Musician, author and artist Bill Minor combines mediums and genres in his first memoir.
Thursday, January 10, 2013
William “Bill” Minor, longtime local jazz pianist, author, poet and artist, now 77 years old, is looking back onto his life in the form of a memoir, The Inherited Heart: An American Memoir. But like his own multiplicity of talents and endeavors and careers, he sets his 476-page book to accomplish several tasks at the same time. It’s a memoir of his own inner and public life from birth to age 17. It’s a genealogical family survey that reaches back to his “great, great, great, great grandfather.” It’s a window into a semi-fictional work called Extremities that he abandoned in favor of the copiously researched non-fictional Inherited Heart. And it’s a vehicle for small pieces of his poetry and large doses of American history.
At a launch party this Friday (see endblurb for details), Minor will introduce the book in a hybrid format befitting his multidimensional career, an approach he’s employed before for the occasion of releasing a previous book – stories set to music, with Minor on piano, accompanied by Heath Proskin on bass and Jaqui Hope on vocals.
He’s written three books on jazz – including the Monterey Jazz Festival: Forty Legendary Years, in which he interviewed his jazz heroes like Max Roach and Dave Brubek – five volumes of poetry, a satirical novel and 150 articles about jazz. But Inherited Heart is a different kind of writing.
“It’s much more personal,” he says. “When I finished the book, I was exhausted. I made all kinds of discoveries about myself, my family, my relationship with my father – which was not that easy – and mother.”
It began life as the fictional work called, inextricably, Extremities. But upon reading the memoir of Russian writer Alexander Herzen, who Minor describes as a “brilliant truth teller,” and packing up the contents of his childhood home after his mother died a couple years ago, he changed course.
He already had a head start on the source material, including his own recollections, stories from his parents, books and letters written by family members, and newspaper articles. He used his journalistic experience to research at repositories like the Special Collections Library of the University of Virginia.
His sister, who reads nearly everything he writes, read early drafts, as did local poets Elliot Ruchowitz-Roberts and George Lober. But the story ran more than 680 pages before he asked for editor Christopher Hebert to cut it down by half; still, it swelled upward again to its nearly 500 pages. It was so exhaustive that publishers didn’t know how to market it. So he self published through Pacific Grove’s Park Place Publications.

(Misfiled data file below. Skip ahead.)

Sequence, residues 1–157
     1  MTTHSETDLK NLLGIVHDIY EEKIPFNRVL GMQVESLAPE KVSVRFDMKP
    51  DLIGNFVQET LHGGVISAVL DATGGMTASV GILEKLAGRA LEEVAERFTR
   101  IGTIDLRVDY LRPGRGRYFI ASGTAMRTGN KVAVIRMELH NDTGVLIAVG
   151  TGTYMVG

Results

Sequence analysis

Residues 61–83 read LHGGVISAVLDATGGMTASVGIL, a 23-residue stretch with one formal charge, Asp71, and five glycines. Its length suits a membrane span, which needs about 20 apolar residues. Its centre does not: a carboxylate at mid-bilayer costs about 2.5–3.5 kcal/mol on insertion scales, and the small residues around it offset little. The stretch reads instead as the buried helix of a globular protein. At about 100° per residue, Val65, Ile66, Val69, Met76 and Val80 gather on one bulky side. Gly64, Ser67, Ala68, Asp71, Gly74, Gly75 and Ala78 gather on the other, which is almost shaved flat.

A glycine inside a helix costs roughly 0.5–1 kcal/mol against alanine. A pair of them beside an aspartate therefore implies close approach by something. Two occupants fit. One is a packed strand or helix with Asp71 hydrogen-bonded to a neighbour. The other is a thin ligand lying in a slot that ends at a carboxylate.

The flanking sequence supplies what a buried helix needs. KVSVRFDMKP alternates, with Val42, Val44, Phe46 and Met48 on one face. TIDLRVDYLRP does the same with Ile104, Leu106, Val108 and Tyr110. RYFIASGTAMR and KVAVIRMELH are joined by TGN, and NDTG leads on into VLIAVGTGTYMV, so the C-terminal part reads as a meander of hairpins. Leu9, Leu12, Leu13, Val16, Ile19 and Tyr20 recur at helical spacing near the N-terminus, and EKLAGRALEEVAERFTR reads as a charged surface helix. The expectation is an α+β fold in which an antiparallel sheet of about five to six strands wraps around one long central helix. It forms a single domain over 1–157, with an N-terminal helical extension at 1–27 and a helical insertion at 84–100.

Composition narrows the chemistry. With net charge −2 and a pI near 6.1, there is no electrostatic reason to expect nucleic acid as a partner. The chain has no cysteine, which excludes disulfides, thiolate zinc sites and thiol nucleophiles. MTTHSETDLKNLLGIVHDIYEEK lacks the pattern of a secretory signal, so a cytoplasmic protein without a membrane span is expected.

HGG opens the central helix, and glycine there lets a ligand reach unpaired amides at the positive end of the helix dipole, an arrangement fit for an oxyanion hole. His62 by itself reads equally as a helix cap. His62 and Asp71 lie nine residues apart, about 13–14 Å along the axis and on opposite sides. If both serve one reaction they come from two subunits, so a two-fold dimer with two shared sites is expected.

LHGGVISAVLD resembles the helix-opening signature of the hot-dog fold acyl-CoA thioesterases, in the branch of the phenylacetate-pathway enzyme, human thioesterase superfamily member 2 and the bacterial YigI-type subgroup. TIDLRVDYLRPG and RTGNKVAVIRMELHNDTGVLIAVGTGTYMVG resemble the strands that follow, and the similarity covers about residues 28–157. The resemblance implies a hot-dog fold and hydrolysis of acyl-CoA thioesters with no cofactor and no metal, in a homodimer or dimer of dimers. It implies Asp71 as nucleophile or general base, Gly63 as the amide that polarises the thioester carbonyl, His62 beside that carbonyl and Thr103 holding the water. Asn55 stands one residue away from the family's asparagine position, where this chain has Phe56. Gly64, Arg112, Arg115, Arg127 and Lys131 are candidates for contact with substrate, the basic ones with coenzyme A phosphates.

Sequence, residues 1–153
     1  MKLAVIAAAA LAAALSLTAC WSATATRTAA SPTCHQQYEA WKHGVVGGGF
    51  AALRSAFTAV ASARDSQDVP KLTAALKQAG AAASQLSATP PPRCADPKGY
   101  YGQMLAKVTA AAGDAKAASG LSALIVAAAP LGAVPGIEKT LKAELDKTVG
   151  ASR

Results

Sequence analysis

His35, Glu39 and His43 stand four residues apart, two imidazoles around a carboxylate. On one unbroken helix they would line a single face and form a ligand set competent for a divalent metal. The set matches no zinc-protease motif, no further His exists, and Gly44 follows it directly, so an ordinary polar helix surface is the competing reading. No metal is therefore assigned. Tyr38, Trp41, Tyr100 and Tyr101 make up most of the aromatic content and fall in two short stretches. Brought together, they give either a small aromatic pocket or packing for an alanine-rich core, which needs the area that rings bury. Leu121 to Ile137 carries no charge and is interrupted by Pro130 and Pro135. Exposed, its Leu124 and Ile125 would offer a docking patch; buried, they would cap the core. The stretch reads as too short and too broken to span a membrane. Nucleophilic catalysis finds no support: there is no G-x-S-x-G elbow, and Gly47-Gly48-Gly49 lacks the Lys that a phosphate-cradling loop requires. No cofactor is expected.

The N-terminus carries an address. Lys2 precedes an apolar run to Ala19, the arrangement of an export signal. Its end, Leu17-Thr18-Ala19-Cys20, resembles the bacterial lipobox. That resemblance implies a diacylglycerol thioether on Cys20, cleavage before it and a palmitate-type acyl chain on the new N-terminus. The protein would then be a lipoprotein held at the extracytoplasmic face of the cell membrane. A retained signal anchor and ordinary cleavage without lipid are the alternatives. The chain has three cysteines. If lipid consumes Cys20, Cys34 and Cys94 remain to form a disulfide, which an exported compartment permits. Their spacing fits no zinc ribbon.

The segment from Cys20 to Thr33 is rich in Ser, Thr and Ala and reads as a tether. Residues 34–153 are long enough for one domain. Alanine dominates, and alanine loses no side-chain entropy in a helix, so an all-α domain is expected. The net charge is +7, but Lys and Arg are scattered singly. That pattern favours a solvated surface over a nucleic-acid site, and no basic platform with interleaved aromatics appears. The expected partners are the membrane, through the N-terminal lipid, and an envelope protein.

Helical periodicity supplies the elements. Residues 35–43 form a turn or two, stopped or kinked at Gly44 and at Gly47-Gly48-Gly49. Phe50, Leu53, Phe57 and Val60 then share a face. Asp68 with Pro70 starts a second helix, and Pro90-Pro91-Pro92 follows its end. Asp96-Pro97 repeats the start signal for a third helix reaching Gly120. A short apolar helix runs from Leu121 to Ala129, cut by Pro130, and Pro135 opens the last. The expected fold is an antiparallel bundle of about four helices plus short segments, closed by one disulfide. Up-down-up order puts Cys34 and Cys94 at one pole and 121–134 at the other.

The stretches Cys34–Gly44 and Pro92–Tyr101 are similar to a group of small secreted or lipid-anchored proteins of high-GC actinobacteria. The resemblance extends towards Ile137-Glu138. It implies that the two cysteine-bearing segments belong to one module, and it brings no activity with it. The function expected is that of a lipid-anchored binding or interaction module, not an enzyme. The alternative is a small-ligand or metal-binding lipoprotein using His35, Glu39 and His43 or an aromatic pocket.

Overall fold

Though in the introduction Minor seems to promise a litany of “distinguished” and “splendid” ancestors, of ministers and officers, businesspeople and writers, family friendships and proximity to Walt Whitman, Mark Twain, Ralph Waldo Emerson and Louisa May Alcott, the stories of his “kin” are actually more complex.
“I had trouble with my grandfather,” Minor says. “He joined the Confederate Army at 14, was shot at Appomattox and left for dead, but he survived. I did not like him. He had my father at 57, died when [my father] was 12, and my father had to work for a road crew at 14. I try to be as fair as I can. I let them tell their stories and try not to judge them. There was a Civil War going on in [my] house.”
Though the family pictures published in the book suggest an idyllic childhood surrounded by all-American normalcy, the captions and narrative elaborate. Minor’s mother’s family was strongly with the Union, his father’s deeply Southern. He says while one of his grandfathers had been a medic for the Union Army, the other was loading cannonballs with the Confederates. He had distant relatives who owned slaves. Minor writes about it all with equal regard. His father’s eternal and powerful smile, his bouts of drinking and negativity; Minor’s earnest pursuit of girls and his misery at their rejections. But this is not a saga of agony; it’s more an appreciative, comprehensive look back at his trajectory – starting generations back.